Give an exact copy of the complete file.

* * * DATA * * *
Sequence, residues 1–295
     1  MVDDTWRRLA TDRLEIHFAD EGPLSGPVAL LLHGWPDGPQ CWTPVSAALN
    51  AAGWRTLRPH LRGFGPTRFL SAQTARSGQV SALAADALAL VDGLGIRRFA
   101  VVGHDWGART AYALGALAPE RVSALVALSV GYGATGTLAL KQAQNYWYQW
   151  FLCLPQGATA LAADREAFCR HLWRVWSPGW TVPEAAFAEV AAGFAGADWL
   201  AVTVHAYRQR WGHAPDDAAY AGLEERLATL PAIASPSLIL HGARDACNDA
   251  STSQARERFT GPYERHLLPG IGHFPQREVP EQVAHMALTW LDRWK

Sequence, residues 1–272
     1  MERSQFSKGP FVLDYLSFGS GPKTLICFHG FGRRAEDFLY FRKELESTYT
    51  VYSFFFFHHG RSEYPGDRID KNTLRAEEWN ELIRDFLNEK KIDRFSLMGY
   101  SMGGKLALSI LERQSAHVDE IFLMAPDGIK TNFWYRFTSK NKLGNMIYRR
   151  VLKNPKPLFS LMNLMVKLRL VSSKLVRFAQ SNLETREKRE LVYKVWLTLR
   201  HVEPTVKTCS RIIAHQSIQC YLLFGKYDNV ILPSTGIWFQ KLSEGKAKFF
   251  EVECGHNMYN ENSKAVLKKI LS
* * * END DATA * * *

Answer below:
Sequence, residues 1–295
     1  MVDDTWRRLA TDRLEIHFAD EGPLSGPVAL LLHGWPDGPQ CWTPVSAALN
    51  AAGWRTLRPH LRGFGPTRFL SAQTARSGQV SALAADALAL VDGLGIRRFA
   101  VVGHDWGART AYALGALAPE RVSALVALSV GYGATGTLAL KQAQNYWYQW
   151  FLCLPQGATA LAADREAFCR HLWRVWSPGW TVPEAAFAEV AAGFAGADWL
   201  AVTVHAYRQR WGHAPDDAAY AGLEERLATL PAIASPSLIL HGARDACNDA
   251  STSQARERFT GPYERHLLPG IGHFPQREVP EQVAHMALTW LDRWK

Sequence, residues 1–272
     1  MERSQFSKGP FVLDYLSFGS GPKTLICFHG FGRRAEDFLY FRKELESTYT
    51  VYSFFFFHHG RSEYPGDRID KNTLRAEEWN ELIRDFLNEK KIDRFSLMGY
   101  SMGGKLALSI LERQSAHVDE IFLMAPDGIK TNFWYRFTSK NKLGNMIYRR
   151  VLKNPKPLFS LMNLMVKLRL VSSKLVRFAQ SNLETREKRE LVYKVWLTLR
   201  HVEPTVKTCS RIIAHQSIQC YLLFGKYDNV ILPSTGIWFQ KLSEGKAKFF
   251  EVECGHNMYN ENSKAVLKKI LS